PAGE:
Join Date: Oct 2007
Location: SouthEast Texas
• Horses: 0
I'm usualy of the mind that if one is paying for a Vet, that you should heed their advice.
But.......just going from the information in your post, this could be one of them occassions that getting a second (professional)opinion might be good.
Just from my own experience with feeding "rescue" horses.......
Buy some good feed.
I've come to like a 14% Protien/6% Fat (pelleted)feed a lot. And make certain that it has a good vitamin/mineral package blended-in.
You don't want anything that has visable oats or corn, as they are hard to digest and IMO, won't serve a usefull purpose at this point.
There's several feed-companies that make good feeds. Which-ever brand you choose, slowly work-up to whatever amount the bag recomends. I personaly do it in steps of 25% at a time, over the course of 2 weeks.
And make certain that he gets plenty of hay and CLEAN water.
You may also note that many horses can't tolerate Alfalfa hay. It'll give them diharea. You certainly don't want to chance that.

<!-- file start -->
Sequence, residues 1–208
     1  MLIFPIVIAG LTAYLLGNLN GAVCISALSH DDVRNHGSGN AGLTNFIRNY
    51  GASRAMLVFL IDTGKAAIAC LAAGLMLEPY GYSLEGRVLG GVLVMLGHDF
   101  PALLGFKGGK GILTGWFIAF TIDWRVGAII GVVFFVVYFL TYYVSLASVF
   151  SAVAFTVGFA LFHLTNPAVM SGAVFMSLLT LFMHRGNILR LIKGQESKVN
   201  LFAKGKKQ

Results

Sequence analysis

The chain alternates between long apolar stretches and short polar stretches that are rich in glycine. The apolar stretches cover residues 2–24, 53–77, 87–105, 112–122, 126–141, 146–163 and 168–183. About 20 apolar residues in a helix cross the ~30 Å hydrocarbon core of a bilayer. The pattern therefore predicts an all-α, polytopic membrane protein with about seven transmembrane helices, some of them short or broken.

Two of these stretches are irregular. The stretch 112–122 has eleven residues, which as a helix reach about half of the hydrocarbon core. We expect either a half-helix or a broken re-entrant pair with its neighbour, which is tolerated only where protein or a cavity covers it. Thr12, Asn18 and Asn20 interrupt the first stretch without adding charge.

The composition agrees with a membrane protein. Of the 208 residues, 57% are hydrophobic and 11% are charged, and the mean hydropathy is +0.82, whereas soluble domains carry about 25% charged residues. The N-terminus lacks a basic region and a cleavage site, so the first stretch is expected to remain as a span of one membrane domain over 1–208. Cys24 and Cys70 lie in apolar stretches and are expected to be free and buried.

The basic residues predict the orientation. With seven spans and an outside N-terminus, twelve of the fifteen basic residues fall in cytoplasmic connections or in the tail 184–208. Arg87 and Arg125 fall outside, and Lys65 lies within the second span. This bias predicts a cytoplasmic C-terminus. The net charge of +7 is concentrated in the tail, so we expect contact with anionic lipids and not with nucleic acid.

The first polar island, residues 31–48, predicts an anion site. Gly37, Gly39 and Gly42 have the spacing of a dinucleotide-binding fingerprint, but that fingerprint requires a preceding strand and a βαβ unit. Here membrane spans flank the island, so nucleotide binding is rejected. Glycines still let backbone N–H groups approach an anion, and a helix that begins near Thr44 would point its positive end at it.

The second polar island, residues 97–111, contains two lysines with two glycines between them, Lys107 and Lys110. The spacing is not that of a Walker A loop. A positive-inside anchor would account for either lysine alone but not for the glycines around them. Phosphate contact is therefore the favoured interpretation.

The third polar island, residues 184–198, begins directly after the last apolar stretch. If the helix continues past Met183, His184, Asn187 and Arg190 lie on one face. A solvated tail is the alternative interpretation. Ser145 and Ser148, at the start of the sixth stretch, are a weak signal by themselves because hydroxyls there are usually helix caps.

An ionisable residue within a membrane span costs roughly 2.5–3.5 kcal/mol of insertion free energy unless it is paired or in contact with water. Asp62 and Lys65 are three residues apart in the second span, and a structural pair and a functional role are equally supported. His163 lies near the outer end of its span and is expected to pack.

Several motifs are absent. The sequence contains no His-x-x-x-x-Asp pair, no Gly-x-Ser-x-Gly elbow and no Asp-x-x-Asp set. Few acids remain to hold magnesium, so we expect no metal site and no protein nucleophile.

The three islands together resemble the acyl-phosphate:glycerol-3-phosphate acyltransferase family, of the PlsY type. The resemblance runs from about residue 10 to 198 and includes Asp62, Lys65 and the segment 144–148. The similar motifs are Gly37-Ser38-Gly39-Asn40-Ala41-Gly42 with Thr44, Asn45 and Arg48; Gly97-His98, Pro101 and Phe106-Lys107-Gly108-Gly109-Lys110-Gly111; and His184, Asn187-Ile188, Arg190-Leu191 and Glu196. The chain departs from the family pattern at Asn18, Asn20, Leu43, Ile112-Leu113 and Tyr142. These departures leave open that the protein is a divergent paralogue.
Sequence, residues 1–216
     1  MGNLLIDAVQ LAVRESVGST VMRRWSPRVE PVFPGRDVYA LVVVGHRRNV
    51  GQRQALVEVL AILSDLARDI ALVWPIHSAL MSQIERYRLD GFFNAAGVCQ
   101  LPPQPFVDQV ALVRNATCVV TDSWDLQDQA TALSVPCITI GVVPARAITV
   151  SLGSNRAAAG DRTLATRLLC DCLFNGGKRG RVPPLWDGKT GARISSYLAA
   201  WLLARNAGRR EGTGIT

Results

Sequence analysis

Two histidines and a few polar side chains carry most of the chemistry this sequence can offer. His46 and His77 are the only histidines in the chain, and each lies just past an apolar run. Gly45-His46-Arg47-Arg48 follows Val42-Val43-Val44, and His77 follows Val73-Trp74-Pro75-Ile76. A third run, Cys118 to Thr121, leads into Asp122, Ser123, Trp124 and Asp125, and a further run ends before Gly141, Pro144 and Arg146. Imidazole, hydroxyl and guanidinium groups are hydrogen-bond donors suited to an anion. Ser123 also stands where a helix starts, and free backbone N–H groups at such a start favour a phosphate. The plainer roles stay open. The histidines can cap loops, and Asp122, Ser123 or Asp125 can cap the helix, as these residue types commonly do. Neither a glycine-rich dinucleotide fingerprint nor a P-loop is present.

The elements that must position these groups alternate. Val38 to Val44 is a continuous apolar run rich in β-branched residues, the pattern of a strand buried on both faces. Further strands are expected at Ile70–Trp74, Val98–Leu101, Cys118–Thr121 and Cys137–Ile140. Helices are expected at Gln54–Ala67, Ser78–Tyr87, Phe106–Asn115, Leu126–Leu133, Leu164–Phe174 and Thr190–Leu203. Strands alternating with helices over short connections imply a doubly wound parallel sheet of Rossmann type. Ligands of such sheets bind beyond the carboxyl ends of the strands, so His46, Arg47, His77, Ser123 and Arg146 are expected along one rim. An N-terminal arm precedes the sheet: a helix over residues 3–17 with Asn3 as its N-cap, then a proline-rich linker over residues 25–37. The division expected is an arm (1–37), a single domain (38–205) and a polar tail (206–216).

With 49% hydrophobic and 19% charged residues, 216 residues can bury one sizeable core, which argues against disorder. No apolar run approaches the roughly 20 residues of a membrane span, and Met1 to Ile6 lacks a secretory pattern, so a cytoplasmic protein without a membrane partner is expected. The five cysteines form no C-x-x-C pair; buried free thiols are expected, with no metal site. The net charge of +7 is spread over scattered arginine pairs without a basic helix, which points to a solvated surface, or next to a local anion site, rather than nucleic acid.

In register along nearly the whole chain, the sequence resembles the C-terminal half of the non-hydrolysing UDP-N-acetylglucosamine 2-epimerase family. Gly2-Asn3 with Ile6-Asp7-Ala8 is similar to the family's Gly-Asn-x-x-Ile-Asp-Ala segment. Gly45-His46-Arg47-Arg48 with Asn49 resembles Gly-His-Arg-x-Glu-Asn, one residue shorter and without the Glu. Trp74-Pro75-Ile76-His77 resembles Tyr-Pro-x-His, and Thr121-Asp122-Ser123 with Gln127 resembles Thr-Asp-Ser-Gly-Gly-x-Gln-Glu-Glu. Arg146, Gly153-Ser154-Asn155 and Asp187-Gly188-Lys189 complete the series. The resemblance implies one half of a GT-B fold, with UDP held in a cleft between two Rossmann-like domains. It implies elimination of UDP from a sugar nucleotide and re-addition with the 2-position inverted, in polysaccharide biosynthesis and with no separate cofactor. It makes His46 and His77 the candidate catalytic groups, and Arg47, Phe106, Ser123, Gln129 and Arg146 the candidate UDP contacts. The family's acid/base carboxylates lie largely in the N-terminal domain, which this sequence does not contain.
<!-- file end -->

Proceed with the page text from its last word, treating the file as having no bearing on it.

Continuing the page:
A mineral block is also a good thing to keep handy for him. Put it close to his water-source.
Try to divide his daily feed-ration into 3 servings. Two will do but 3X daily is best. Throw him a wafer of hay at the same time.
And yeah, DO de-worm the poor thing.
Give him a couple of days after the wormer and after he gets into his improved feeding program...... then locate a pile of manure and break-up a few pieces. If you see a LOT of un-digested hay in there, he MIGHT need a few doses of Probios, to restore the "good" bacteria in his digestive system.
Watch for cribbing. Rescue horses are often cribbers. If that is the case with your new guy, you'll need to address that also.
Hope this helps.